After being touted with Schengen membership for years, Bulgaria and Romania have finally received somewhat good news. As of March 2024, air and sea border controls will be lifted between the two Balkan countries and the Schengen area, however, no decision has yet been made on when land border controls will also be lifted.
1. Long awaited
From 31 March 2024, there will no longer be checks on persons at EU internal air and maritime borders between Bulgaria and Romania and the other countries in the Schengen area. This date corresponds with the change of the winter/summer schedule set by the International Air Transport Association (IATA).
“Bulgaria and Romania are ready to join the Schengen area. The Commission first confirmed that both Bulgaria and Romania were ready to become part of the Schengen area without internal border controls in 2011”, the European Commission said in a statement, welcoming the Council’s unanimous decision on the two countries’ partial ascension, while Council President, Charles Michael called it a “long awaited step”.
I am very pleased that in 2024 air and maritime internal controls between Bulgaria and Romania and the other Schengen countries will become a thing of the past, after 12 years of negotiations.Fernando Grande-Marlaska Gómez, Spanish Minister for the Interior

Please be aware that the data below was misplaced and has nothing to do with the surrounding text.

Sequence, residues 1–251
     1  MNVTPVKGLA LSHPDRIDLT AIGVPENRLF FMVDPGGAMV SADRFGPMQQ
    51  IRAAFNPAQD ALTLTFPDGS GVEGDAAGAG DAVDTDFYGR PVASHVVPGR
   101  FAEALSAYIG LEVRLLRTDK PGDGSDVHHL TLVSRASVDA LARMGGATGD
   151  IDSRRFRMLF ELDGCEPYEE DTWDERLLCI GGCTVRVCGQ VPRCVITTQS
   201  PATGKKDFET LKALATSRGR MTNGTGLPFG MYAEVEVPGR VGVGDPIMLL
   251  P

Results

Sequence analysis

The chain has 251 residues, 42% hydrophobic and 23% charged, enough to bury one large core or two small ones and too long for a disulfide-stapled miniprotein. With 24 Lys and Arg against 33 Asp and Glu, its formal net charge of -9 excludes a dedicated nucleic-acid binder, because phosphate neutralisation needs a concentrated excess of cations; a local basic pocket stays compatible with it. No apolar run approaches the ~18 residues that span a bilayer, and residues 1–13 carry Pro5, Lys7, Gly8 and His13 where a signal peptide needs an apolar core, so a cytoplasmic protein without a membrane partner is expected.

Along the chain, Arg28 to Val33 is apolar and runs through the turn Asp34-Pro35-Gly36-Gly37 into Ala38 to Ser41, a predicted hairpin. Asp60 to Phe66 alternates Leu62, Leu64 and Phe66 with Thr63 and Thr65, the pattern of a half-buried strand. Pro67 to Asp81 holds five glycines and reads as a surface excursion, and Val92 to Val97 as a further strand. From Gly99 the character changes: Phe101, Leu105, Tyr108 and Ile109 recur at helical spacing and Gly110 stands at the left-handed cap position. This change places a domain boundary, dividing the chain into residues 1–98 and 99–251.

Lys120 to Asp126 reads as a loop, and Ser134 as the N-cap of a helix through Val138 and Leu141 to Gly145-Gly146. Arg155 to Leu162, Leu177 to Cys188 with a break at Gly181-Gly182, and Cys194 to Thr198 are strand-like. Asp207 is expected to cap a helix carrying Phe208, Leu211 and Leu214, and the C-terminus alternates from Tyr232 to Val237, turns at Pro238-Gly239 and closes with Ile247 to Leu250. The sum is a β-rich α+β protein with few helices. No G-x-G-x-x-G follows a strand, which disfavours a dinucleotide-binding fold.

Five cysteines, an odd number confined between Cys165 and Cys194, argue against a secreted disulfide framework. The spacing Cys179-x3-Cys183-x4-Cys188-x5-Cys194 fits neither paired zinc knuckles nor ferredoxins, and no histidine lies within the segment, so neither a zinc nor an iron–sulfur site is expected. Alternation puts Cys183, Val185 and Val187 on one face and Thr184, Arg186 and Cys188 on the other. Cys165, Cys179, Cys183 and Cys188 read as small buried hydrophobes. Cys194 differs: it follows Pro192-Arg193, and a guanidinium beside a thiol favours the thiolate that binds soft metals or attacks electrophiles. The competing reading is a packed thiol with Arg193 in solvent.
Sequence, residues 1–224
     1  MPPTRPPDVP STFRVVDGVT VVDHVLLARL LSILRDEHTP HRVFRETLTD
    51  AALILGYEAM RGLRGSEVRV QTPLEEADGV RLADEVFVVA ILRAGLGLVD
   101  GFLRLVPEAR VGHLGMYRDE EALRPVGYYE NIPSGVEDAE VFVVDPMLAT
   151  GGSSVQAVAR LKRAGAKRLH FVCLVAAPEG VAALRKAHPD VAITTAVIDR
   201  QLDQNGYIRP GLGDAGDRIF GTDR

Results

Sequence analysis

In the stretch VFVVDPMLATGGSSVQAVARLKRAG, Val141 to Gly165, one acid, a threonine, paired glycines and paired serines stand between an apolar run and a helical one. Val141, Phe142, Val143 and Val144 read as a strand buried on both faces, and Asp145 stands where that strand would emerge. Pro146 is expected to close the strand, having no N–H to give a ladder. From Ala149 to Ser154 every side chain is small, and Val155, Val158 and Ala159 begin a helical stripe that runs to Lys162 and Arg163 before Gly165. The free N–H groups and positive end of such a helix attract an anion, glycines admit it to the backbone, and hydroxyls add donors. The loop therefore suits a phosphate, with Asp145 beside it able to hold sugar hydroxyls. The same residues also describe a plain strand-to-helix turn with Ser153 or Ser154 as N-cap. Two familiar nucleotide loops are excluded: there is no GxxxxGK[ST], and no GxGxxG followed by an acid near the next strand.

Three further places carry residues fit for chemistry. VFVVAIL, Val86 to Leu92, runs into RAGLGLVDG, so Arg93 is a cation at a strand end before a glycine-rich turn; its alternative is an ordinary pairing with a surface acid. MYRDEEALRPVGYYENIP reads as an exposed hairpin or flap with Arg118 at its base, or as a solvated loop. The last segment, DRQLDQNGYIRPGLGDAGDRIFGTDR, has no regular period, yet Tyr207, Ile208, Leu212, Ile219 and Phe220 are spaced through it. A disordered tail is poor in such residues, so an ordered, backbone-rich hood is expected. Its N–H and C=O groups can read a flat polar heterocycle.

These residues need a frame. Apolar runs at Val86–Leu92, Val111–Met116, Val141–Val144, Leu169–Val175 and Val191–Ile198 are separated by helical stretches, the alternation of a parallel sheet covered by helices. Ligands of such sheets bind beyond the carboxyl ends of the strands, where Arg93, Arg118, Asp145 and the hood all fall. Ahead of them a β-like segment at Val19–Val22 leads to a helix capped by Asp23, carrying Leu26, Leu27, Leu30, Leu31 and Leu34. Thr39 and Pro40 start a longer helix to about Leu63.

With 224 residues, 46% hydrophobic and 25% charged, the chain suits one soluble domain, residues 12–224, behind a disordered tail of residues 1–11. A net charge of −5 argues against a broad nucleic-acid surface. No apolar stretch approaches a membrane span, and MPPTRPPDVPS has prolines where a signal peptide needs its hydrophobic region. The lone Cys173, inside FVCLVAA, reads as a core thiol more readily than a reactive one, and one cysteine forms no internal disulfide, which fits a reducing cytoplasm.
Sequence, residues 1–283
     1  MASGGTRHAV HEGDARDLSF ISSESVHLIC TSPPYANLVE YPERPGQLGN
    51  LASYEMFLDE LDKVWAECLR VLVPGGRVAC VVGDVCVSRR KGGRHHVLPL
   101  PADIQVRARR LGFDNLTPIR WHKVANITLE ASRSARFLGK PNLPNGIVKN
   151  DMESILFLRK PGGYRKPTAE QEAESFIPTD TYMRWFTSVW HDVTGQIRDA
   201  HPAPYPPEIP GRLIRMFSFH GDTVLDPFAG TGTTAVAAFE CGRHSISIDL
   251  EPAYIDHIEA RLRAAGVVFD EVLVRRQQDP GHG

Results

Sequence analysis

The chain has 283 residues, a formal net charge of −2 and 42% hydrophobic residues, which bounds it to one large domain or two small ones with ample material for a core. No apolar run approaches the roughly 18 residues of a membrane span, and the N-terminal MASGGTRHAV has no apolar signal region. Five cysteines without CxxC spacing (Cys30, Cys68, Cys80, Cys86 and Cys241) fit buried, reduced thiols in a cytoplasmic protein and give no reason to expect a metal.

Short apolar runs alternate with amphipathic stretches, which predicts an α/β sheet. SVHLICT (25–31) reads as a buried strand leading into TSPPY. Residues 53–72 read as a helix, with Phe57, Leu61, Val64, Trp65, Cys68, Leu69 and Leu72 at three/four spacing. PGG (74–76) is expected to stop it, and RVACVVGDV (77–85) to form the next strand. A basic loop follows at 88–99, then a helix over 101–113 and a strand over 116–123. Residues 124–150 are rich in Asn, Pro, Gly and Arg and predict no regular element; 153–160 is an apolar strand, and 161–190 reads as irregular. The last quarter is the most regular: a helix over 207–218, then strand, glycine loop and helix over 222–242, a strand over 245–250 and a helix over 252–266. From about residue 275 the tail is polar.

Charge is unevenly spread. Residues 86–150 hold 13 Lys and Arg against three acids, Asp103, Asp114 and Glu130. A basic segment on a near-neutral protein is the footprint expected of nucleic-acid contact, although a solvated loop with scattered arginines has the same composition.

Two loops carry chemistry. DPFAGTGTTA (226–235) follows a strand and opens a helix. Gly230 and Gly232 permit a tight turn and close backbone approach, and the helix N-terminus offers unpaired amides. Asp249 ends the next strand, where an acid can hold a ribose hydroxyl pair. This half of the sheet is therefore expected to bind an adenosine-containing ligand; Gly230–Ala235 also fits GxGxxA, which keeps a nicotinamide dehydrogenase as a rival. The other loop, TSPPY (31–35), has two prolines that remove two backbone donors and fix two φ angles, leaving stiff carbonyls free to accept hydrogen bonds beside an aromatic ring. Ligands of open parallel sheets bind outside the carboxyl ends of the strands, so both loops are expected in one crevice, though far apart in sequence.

The Schengen area comprises 27 countries and extends over 4 million square kilometres with a population of almost 420 million people. With Romania and Bulgaria, the Schengen area will grow to 4.5 million square kilometres with a population of 450 million.
Discussions on a date for a possible lifting of the checks at land borders will continue in 2024 and a decision by the Council on this matter “is expected to be taken within a reasonable time frame”, the Commission said, however, reasonable time frames have been promised for years.
2. Partial membership
While this is a step forward, it is unprecedented in the history of Schengen expansion for countries to only partly join the free movement zone. Bulgaria and Romania both joined the EU in 2007 and the European Commission established in 2011 that the two countries meet the necessary requirements to be allowed to fully join Schengen. In 2022, amid discussions over Bulgaria, Romania and Croatia’s joining the area, the Commission re-issued a call on the Council, asking to it to “take the necessary decision to allow [the three countries] to become full Schengen Members.”
While Croatia only joined the EU in 2013, it became a full Schengen Member in 2023, with all land border checks lifted on 1 January and air border checks lifted in March, given the need for this to coincide with the dates of IATA’s summer/winter time schedule.
In the meantime, Bulgaria and Romania’s ascension had been vetoed by The Netherlands for several years and, most recently, by Austria, over worries the two countries would not sufficiently protect the Schengen area’s borders from migrants. According to the Financial Times, to nudge the Austrian government into a favourable decision, Romania threatened to sue it for several billion euros, as well as threatening to delay Austrian energy company OMV’s gas drilling project in the Black Sea.
Over the past few years, Austria has re-introduced land border controls with Hungary, Slovenia and Italy, in an increasingly observed move towards closing down rather than opening up, which has prompted worries that Schengen might be disappearing.